The stories onscreen seemed so incongruous with how she presented herself: As Ebehijie Momoh to the outside world, my mother was sleek and put together, high-powered and always on her shiny Blackberry (it was 2012). At home, she was Mommy, and the Nollywood movies she liked were loud and boisterous, low quality and starring the same actors every time. The gap between her and them drew me to the screen even when she wasn’t home.
As a teenager, I moved on to watching movies like “Moonrise Kingdom” and “The Social Network.” I guess I thought these were “real” movies, movies I’d discuss when I went to America — so unlike the ones my mother watched, which felt like relics of a country I’d prepared my whole life to leave behind.
Today, as a film student at Boston University, I’m still obsessed with movies. I sit in classrooms, learning about Black auteurs or Lithuanian experimental cinema. Outside of class, watching films like “The Death of Stalin” or Cronenberg’s “Crash” is my idea of a great time. I’ve left Nollywood films back in Nigeria, but recently they’ve been on my mind.
My experience of Nollywood films are much like my experience of Nigerian culture in general — the connection I feel is tenuous at best. As time passes and my future looms closer, the reality that it will not include Nigeria presses on me.
I thought maybe if I could learn more about Nigeria’s movie culture, I could understand more about my culture overall. So, I decided to ask my parents about Nollywood over a shaky WhatsApp video call.
My father recalled early Nollywood films, which centered on traditional stories, often set in a village or rural town. “They were not sophisticated,” he said, noting the poor sound and picture quality. “But the storyline was relatable. You could understand them. We used to laugh that they used to talk about witches and juju.”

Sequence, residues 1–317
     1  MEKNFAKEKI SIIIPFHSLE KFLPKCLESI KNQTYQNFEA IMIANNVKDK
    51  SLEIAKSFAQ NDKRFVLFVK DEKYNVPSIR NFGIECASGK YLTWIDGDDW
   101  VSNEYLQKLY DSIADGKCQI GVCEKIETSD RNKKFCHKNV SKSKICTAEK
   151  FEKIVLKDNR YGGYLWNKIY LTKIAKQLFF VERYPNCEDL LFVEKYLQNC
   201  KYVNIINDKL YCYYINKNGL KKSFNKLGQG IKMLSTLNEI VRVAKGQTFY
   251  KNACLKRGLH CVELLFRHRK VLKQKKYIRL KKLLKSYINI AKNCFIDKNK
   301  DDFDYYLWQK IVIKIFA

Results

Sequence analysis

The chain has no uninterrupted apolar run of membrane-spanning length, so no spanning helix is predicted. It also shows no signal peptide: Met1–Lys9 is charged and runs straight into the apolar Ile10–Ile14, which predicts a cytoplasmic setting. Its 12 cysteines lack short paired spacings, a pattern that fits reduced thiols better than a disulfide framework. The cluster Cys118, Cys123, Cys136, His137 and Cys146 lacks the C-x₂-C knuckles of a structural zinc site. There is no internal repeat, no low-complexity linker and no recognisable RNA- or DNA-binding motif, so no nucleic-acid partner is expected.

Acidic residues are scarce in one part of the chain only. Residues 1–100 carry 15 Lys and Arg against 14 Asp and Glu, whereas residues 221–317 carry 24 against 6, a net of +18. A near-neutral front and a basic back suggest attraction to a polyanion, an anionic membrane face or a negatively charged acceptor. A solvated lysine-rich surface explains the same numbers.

Still, the movies and shows they grew up with aren’t what US streaming services are picking up, and even in Nigeria some of the older releases seem to be fading into the background. That’s not necessarily a bad thing, my parents say.
My mother observed how newer films have been taking on “taboo” topics in Nigeria “to send the right kind of messages,” adding she’d noticed more storylines about women. “Addressing abuse, whether physical, or emotional abuse — there have been a lot of such movies, where they are addressing societal ills, which is great because you would only see that in the foreign movies before. But we are bringing it home.”
I decided to revisit Nigerian movies, searching on YouTube for titles I recognized. I landed on 1999′s “Chain Reaction,” which follows Eucharia (Liz Benson) the wife of the eldest of three brothers, who is deeply jealous of Victoria (Onyeka Onwenu), a younger wife of one of the brothers. Eucharia sets out to ruin the rest of the family’s lives, but her evil plans backfire.
The premise doesn’t prepare one for the actual film, which devolves into a parable about the dangers of greed and non-Christian gods — and really needs to be seen to be believed.
To outsiders, “Chain Reaction” may be one of the odder movies they ever see, but to me it evokes a feeling of deep satisfaction — there’s nothing quite like it, and yet it follows a formula specific to many Nollywood movies. We know that the evil wife will get her just desserts; we know the kind wife will be rewarded (monetarily and emotionally). The bad guys always get punished, and the punishment is thorough and biblical. And there’s beauty in that.
Watching “Chain Reaction” didn’t just fill me with nostalgia; it gave me a new appreciation for Nigeria and its singularity. Maybe when I’m home for Christmas and my mother settles on the couch to turn on Africa Magic after a long day, I won’t just glance at the screen on my way to the kitchen. Maybe I’ll sit down beside her and watch, too.
Danielle Momoh was a Globe intern in 2022.